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Planning studies in Japan

Japanese Language Institutes

Japanese Language Institutions are institutions where non-native speakers of Japanese can learn the Japanese language.
There are courses for people who wish to learn Japanese before enrolling in a university, and for people who wish to learn business Japanese, among others.
To be able to keep up with classes at Japanese schools, it is necessary to obtain a JLPT N1 or N2 certification. It takes approximately 600~900+ hours of studying to reach this level.

Types of Educational Institutions

There are two main types of Japanese language institutions, according to the institution's founding body and the purpose of the school.

1.Japanese Language School

Japanese Language Schools are schools established by incorporated educational institutions and limited (Ltd.) companies. There are over 600 Japanese schools in Japan, with approximately 60,000 students studying Japanese.


  • Aside from basic Japanese language courses, Japanese language schools provide university preparation courses, business Japanese courses, and others.
  • If your country's secondary education curriculum lasts less than 12 years, you will need to take a "university preparatory course"*1 in order to become eligible to apply for university.
  • Admission periods are in April and in October. (Some schools have programs that start in January or July, as well.)

Note of caution: In order to qualify for the "international student" status, you must attend a Japanese language institution designated by the Minister of Justice.

*1 A university preparatory course: In order to be admitted to a Japanese university, an applicant must have completed at least 12 years of formal education. However, in some countries or regions, education through high school lasts less than 12 years. In this case, students must complete MEXT (the Ministry of Education, Culture, Sports, Science and Technology)'s designated "university preparatory course for admission to university" in order to be eligible to apply for Japanese universities.

>You can look up list of university preparatory courses.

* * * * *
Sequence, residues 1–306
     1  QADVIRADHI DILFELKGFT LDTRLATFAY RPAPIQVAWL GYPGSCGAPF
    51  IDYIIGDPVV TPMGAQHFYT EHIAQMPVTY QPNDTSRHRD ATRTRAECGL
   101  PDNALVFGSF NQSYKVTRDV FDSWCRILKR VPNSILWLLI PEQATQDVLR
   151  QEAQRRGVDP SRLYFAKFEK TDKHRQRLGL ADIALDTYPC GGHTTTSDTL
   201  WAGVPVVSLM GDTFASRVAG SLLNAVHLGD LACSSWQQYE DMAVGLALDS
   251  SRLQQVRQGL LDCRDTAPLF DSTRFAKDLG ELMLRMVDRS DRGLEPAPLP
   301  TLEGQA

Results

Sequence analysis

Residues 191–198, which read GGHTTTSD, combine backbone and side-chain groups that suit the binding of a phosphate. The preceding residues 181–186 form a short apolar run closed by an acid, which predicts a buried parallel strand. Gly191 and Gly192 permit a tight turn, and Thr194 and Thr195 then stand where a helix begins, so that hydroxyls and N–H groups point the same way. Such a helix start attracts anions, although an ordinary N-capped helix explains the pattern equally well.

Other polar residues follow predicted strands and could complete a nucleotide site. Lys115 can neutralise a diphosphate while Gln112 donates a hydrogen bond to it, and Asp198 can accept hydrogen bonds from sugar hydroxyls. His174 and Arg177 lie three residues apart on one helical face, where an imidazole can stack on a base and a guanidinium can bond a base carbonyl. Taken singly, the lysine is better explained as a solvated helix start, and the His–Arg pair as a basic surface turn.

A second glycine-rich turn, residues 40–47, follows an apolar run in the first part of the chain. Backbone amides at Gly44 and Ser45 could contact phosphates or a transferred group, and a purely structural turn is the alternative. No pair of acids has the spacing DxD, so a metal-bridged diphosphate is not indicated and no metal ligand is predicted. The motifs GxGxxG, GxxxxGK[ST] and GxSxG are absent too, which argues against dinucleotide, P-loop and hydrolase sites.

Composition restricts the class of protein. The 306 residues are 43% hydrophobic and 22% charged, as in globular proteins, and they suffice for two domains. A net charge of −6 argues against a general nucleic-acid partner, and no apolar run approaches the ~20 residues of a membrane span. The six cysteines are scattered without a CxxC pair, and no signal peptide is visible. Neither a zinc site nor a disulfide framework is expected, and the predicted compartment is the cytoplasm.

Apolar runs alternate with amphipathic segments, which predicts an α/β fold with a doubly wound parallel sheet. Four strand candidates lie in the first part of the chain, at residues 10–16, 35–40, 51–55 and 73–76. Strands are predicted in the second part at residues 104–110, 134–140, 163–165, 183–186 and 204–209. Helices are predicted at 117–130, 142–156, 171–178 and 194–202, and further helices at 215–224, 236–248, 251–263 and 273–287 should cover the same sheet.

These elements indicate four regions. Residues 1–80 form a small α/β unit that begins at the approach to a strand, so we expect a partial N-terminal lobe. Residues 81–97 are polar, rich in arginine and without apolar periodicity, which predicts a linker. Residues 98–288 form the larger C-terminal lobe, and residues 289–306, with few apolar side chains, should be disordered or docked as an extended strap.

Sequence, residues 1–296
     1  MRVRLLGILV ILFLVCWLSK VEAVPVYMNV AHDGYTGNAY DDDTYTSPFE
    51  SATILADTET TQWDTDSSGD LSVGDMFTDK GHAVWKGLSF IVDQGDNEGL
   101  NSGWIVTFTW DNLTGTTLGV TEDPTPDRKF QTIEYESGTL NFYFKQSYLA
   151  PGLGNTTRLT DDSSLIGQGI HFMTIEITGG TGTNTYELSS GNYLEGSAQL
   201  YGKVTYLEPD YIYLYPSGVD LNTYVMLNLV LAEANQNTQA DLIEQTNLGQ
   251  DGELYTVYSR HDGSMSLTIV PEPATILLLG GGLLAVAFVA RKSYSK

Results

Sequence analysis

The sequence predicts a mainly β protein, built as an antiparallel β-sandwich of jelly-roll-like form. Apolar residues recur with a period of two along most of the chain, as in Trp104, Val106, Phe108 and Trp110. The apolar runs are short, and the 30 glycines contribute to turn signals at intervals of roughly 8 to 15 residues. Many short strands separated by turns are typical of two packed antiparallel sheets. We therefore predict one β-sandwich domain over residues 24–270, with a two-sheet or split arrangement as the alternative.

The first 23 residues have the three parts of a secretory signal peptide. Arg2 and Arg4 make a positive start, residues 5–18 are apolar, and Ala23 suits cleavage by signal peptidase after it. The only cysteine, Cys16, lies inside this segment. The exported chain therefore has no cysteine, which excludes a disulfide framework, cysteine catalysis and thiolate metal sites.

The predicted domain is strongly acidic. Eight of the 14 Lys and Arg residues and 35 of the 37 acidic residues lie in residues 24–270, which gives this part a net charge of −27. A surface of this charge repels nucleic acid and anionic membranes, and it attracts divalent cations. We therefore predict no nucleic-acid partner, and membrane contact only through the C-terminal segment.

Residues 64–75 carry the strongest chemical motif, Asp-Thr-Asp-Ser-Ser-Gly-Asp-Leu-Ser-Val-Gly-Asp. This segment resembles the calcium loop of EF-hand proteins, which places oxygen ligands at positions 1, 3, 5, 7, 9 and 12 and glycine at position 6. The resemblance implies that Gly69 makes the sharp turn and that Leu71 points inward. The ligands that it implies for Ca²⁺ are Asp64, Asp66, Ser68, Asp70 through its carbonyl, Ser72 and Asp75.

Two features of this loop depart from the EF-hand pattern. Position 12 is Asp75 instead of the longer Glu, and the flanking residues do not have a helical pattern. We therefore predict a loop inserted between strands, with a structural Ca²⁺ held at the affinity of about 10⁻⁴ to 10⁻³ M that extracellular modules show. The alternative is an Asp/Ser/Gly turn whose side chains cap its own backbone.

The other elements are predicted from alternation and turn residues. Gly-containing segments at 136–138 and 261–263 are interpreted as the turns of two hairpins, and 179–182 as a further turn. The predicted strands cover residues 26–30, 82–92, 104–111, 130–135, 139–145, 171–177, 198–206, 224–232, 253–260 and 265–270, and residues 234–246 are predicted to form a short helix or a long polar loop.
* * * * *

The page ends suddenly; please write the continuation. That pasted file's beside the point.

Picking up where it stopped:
2.Special Courses for International Students at Private Universities and Junior Colleges (Special Japanese Language Course)

Private universities and junior colleges often have their own Japanese language institutions. There are approximately 60 such universities and junior colleges.


  • These special courses aim to teach students the Japanese language, about Japan's overall situation, and Japanese culture among other subjects. They serve as preparatory courses for people who wish to enroll in a university, graduate school, or junior college.
  • It is also possible to enroll in the university or junior college offering the preparatory course, by getting a recommendation (enrollment by recommendation system). 
  • The enrollment periods are spring (around April) and autumn (September or October).

School Search

The admission requirements differ by school, so please use the following site to find a school that matches your needs.

How to find the right school

  • Is the Japanese language institution officially recognized by the Minister of Justice?
  • What levels are the classes divided into? How many students are in each class?
  • Does the school offer EJU or JLPT support?
  • Where did school graduates end up? Does the school offer career or general counseling?
  • Does the school have dormitories/housing?

>Association for the Promotion of Japanese Language Education website

>Japanese Language School Association (JaLSA) website

>Ministry of Education, Culture, Sports, Science and Technology website

>Ministry of Justice: list of approved Japanese language institutions

>Use this EXCEL sheet to look up special courses for international students

Application Documents

The following application documents are often required. Since admissions requirements are different for each school, please consult your preferred school for further details.

  • Application form and resume (designated by the school)
  • Graduation diploma or certificate of expected graduation from the last school you attended
  • Transcript from the last school you attended
  • Document demonstrating financial ability (to ensure that the student can afford the program)
  • Other